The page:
Updated: Sep 14, 2021
If like me, you have been watching a little bit of TV recently, you may have seen that Co-Op has started collecting soft plastics at their stores. But they weren't the first!
I personally had no idea what a soft plastic was and that they even existed. However, it does make a lot of sense. I didn't realise how much plastic has infiltrated the way we live. In London there is a man who walks around saying 'plastic is the new asbestos' and he could not be more right.
So let's get into the detail. What is a soft plastic?
A soft plastic tends to be used to package our food
For example, biscuit wrappers, bread bags, crisps packets, pasta packaging and the list goes on. Soft plastics then goes further, so think about all your lovely clothes deliveries that come in that stretchy material, appliances that are covered and cling film! All of it. My Asos deliveries are massive plastic culprits. Once you look at it like this, the war on plastic is huge.
Unfortunately, plastic is very convenient. Here at Hug Hampers we actively try to avoid it as much as possible; our view towards the war on plastic is to avoid single plastic use. Our Hug Hampers and their contents use materials that can be reused, recycled, composted or biodegrades. However, it isn't always practical as some items currently do not have suitable alternatives. Have a look at our current selection of hampers here to see what I mean.
Soft plastics can be made from a number of different materials making them more complex to recycle. Typically they are made from the following:
Soft plastics aren't typically collected by your local recycling service and tends to end up in the bin. Supermarkets like Tesco have been collecting soft plastics since 2018. In 2018 Tesco launched a trial in 10 stores and have since rolled out this soft plastic collection service in 171 stores. They have chosen the stores quite randomly in my opinion, as my local stores do not undertake this service. However, if you live in Bristol, Harrow or Oxford, pop down to your local store and check it out.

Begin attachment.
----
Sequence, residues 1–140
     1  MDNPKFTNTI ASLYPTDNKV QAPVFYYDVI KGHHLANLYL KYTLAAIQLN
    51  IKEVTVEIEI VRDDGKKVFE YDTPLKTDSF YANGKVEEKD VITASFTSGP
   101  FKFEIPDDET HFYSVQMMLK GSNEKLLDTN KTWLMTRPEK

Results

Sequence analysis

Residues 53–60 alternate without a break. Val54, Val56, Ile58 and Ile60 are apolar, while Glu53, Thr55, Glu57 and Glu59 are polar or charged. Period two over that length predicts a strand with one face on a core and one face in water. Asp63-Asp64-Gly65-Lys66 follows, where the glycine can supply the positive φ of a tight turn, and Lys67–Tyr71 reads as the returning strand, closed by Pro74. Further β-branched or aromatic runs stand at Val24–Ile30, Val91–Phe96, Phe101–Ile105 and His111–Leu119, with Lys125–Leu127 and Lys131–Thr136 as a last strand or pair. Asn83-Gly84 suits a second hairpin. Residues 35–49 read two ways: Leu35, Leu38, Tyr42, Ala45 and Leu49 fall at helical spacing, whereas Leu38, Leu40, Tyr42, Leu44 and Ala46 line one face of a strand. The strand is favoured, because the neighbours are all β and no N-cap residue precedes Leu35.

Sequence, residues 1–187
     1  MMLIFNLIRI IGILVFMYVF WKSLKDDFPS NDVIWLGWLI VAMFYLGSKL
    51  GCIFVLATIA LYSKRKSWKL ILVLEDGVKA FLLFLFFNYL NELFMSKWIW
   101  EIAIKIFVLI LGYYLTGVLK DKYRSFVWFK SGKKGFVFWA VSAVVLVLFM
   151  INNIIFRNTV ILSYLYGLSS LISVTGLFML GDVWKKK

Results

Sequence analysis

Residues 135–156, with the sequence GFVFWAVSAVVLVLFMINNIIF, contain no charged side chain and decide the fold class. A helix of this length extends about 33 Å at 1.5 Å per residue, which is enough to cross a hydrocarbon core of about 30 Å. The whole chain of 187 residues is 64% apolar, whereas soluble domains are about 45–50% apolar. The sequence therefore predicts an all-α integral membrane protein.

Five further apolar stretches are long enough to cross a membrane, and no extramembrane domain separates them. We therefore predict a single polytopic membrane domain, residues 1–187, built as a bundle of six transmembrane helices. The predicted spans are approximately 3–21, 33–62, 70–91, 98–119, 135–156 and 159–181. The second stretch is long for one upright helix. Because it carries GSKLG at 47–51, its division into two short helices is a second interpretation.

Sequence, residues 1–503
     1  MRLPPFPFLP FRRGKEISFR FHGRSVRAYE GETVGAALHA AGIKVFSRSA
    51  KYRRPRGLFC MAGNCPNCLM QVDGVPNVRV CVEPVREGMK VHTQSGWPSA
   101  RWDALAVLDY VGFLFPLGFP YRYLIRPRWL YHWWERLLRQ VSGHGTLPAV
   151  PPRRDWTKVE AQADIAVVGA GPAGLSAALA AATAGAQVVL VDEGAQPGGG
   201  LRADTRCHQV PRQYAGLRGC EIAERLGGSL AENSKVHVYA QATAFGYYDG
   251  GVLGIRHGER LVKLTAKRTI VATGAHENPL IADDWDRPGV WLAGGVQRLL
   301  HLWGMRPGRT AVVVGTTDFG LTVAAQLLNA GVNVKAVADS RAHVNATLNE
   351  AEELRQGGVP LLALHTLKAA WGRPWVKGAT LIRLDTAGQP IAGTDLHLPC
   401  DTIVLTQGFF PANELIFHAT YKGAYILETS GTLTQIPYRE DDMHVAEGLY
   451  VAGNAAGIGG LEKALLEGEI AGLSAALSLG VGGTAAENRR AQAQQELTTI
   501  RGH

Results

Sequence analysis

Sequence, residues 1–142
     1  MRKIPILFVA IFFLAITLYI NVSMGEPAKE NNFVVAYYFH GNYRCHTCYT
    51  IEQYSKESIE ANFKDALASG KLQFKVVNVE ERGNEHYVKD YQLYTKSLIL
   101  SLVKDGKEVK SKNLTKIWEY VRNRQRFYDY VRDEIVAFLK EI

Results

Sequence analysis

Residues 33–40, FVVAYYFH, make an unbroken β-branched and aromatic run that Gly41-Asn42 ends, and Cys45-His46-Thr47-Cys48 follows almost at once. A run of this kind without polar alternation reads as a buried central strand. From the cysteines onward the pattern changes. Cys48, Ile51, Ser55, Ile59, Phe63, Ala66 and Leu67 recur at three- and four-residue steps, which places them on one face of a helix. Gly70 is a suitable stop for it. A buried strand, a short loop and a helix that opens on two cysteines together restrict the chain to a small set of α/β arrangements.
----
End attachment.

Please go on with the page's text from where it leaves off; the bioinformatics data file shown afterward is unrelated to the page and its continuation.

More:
Sainsbury's offers a flexible plastics recycling scheme at their stores. They have expanded this to 520 stores across the country to recycle items since 82% of local authorities do not collect at the kerbside. Co-op offers this scheme at 1,500 stores and plans to offer it at another 800 by the end of the year. Morrisons also offer something similar but by my quick search, it doesn't look like Asda has made it to the party yet.
This begs the question to me, why aren't the local councils doing better? Surely it isn't the responsibility of the supermarkets to be leading this effort. Making recycling complicated and difficult isn't beneficial to our society. By having different rules it will discourage those who aren't active in this space. Having to remember to bring along your soft plastics as well as the shopping list and your bags for the weekly shop, it might be one too many things for most. However, at least there is a facility to encourage this.
So let's recap what soft plastics are:
yoghurt lids things
pasta and rice packaging
chocolate and biscuit packaging
baby food packaging
pet food pouches
This link from the Co-op website is great for finding out what you can recycle and where it can be recycled.
So how to recycle soft plastics?
Locate your nearest soft plastic recycling location.
Create space in your home for these types of plastics, give them a rinse too.
Finally, identify a good space in your diary where you can add a stop in and recycle your soft plastics. It could be on your way to the supermarket, one evening when you are walking the dog, going for a run. Try to attach it to something you already do.
Then that's it! I know, easier said than done but every little helps.
As always, if you have made it this far, thank you! We would love to hear your thoughts and any ideas you have for a blog. Speak soon x